IN THE STEPS STOPS OF JESUS…INTERRUPTED WHILE PRAYING!
September 10, 2017
We often talk about walking in the steps of Jesus. But did you consider that it is in the stops of Jesus, the interruptions, where most of his ministry takes place. Last week we witnessed Jesus being abruptly awakened out of a dead sleep in the midst of a storm on the Galilean Sea. He stilled the storm and calmed the fears of the disciples.
Today, we are going to visit an occasion when Jesus is interrupted while praying.
God indeed often answers prayer in mysterious ways…
Dwight Nelson recently told a story about the pastor of his church. The pastor had a kitten that climbed up a tree in his backyard and then was afraid to come down. The pastor coaxed, offered warm milk, etc., but the kitty would not come down. The loblolly pine tree was not sturdy enough to climb, so the pastor decided that if he tied a rope to the hitch of his SUV and pulled it until the tree bent down, he could then reach up and get the kitten.
And that’s what he did, attaching the rope, and inching slowly forward in his Ford Explorer. He then figured if he went just a little bit further, the tree would be bent sufficiently for him to reach the kitten.
Unfortunately, as he moved the car a little further, the rope broke. The tree went “boing!” and the kitten instantly sailed through the air and out of sight!
The pastor felt terrible! He walked all over the neighborhood asking people if they’d seen a little kitten. Nobody had spotted the poor little guy, so the pastor prayed, “Lord, I just commit this kitten to your keeping,” and went on about his business.
A few days later he was at the grocery store, and ran into Marla, one of his church members. He happened to look into her shopping cart and was amazed to see cat food … the woman was a cat hater and everyone knew it, so he asked her, “Marla, why are you buying cat food when you despise cats so much?”
Marla replied, “You won’t believe this,” and then told him how her little girl Brittany had been begging her for a cat, but she kept refusing. Then a few days before, the child had begged again, so Marla finally told her, “Well, if God gives you a cat, I’ll let you keep it.”
She told the pastor, “I watched my Brittany go out in the yard, get down on her knees, and ask God for a cat. And really, Pastor, you won’t believe this, but I saw it with my own eyes. A calico kitten suddenly came flying out of the blue sky, with its paws outspread, and landed right smack-dab in front of her!” [writeathome.wordpress.com]
Never underestimate the power of a child’s prayer, and remember God indeed has a sense of humor!
Let’s turn our attention to Mark 1:
35 Very early in the morning, while it was still dark, Jesus got up, left the house and went off to a solitary place, where he prayed…
PRAYER NEEDS SOLITUDE
Jesus virtually invents private prayer.
All throughout the Old Testament, prayer is a formal, public thing–uttered by kings, priests and prophets in the company of many. No one in the Old Testament speaks to God as Father, but Jesus comes along and does so 170 times. Jesus has this spontaneous communion with God that has no precedent….and he teaches his followers that we can have the same.
But Jesus also reminds us that meaningful prayer needs solitude. It’s true, you can talk to God anytime, anywhere–I did a lot of fervent praying in my desk at school right before an exam. But if you’re going to have a significant prayer life, you need to find an undisturbed, still place and time.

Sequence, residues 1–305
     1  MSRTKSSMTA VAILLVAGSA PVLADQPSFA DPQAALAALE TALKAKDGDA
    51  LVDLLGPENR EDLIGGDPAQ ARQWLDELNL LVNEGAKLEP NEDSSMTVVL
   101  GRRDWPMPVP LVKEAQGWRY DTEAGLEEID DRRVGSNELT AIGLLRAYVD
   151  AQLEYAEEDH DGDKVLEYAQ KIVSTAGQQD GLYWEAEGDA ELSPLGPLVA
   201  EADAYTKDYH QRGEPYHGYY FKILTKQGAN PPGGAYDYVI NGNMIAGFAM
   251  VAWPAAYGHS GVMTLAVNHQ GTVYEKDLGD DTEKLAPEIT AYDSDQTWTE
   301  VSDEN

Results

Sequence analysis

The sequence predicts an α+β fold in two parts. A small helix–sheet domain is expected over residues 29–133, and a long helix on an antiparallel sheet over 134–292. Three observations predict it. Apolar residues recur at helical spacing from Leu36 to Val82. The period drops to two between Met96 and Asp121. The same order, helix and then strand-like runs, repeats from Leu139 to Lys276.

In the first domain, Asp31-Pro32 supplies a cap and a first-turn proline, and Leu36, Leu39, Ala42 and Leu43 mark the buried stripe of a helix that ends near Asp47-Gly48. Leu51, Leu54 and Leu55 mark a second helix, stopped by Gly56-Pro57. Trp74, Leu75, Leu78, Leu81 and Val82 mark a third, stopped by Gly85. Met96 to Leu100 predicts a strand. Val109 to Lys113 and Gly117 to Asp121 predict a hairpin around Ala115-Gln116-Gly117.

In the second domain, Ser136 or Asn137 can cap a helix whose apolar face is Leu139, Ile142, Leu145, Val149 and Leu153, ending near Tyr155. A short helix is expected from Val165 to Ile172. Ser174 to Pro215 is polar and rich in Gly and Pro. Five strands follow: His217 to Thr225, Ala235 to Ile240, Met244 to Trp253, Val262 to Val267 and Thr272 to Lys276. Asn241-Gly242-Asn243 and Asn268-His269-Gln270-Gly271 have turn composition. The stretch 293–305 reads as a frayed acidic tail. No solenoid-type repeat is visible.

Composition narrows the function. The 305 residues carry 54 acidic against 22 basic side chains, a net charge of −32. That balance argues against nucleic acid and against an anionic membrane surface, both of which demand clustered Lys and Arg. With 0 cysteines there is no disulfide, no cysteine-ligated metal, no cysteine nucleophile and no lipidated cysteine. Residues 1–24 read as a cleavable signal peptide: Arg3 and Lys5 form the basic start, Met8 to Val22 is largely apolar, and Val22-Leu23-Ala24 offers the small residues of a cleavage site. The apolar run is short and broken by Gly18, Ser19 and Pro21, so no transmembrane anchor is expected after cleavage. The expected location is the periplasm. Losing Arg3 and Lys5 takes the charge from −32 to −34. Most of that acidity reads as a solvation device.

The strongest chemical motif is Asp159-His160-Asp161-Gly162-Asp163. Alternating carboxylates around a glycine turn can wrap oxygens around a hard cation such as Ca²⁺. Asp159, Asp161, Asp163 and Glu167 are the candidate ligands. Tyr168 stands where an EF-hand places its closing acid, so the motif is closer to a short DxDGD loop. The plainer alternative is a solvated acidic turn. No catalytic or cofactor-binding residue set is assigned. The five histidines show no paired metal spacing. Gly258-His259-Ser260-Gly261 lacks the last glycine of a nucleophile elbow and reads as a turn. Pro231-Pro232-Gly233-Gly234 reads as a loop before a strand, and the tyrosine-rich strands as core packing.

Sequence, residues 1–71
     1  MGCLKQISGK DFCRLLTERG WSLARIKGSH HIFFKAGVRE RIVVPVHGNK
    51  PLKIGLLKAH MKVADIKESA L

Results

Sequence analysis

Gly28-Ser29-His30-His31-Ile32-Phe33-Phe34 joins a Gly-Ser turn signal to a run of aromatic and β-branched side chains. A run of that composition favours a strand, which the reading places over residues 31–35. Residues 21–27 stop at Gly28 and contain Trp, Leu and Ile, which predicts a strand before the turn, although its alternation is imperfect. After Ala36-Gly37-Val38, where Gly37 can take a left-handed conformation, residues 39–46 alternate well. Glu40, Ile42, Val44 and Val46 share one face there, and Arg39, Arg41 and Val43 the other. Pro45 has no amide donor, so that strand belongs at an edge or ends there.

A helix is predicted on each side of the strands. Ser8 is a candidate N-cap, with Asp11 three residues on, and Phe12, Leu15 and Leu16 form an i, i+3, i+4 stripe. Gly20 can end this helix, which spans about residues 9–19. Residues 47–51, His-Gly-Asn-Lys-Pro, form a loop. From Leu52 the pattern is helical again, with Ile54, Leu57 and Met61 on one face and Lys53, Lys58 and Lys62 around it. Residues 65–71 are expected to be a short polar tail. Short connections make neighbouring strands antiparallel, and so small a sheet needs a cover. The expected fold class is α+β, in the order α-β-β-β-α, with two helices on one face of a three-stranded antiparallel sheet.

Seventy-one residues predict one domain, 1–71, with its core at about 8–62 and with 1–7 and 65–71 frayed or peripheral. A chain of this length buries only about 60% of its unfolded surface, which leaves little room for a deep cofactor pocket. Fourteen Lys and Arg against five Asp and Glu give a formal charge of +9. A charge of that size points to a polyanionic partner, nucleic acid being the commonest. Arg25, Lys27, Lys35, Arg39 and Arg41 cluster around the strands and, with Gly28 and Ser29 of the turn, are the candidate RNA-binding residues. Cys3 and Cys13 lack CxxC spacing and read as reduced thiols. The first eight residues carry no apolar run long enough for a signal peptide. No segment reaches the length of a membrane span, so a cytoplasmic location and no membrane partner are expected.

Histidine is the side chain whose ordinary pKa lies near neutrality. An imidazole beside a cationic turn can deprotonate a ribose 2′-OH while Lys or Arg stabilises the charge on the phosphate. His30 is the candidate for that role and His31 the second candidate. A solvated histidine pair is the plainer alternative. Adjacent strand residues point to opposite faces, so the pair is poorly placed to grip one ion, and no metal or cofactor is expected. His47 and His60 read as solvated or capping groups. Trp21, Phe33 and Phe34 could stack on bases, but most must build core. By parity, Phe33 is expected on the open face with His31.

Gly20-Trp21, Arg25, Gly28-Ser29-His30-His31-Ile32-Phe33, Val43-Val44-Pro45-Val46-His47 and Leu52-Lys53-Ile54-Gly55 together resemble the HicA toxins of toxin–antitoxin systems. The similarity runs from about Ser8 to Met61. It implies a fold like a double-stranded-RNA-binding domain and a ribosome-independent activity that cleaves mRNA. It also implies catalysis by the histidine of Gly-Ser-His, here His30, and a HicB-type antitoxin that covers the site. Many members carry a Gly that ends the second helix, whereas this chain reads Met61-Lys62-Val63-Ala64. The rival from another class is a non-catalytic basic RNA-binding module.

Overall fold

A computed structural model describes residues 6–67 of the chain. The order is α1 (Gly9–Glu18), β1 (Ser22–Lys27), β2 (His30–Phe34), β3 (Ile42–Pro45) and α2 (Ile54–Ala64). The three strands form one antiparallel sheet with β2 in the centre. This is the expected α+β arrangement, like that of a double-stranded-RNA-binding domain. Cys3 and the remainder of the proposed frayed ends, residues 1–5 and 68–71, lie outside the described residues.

My wife and I are busy people. And both of us know that when we need to have a serious conversation about something–be it finances, family issues, whatever, we have to intentionally set aside a time and place to have that conversation–it can’t be done on the fly or in emails or text messages.
If prayer is a conversation with God, then we need to be intentional about setting aside a time and place to have that conversation–where interruptions are few and we can focus solely upon our Lord.
As Jesus demonstrates for us, we need a refuge where we can bare our soul to God, where we can drop our hypocritical masks and pious words and simply level with God about what is going on with us.
In the 1998 movie The Apostle, Robert Duvall plays an intense Pentecostal preacher with a big heart named Sonny Dewey.
Some of the best scenes in that movie are when Sonny is praying alone in the upstairs of his house or out in woods along a river–he rants, he raves, he goes toe-to-toe like Jacob, wrestling with God. And that’s the kind of honesty God wants from us.
In Fiddler on the Roof, Tevye keeps up this running dialogue with God, giving credit for the good things but also lamenting all that goes wrong. In one scene he sits dejected by the side of his road with his lame horse.
“I can understand it,” Tevye says to God, “when you punish me when I am bad; or my wife because she talks too much; or my daughter when she wants to go off and marry a Gentile, but…What have you got against my horse?!” I’m sure God appreciates such honesty.
We also need a refuge where we can quiet our hearts before God, a place where we can be still and simply know that he is God. A quiet place, where we can clear our redlining, deadlining, congested, crowded souls and be in conversation with God.
For Jesus, this means getting up in the wee hours of the morning, while it is dark, to spend time with his Heavenly Father. Where is your quiet place, your quiet time?
Some of us are fortunate to have a refuge in our homes, on our property, where we can close the door on noise of the world. It’s not so easy for others. Many of you have told me that your commuting time back and forth to work is your refuge. You turn the radio off and you become still before God…that’s where your conversation takes place.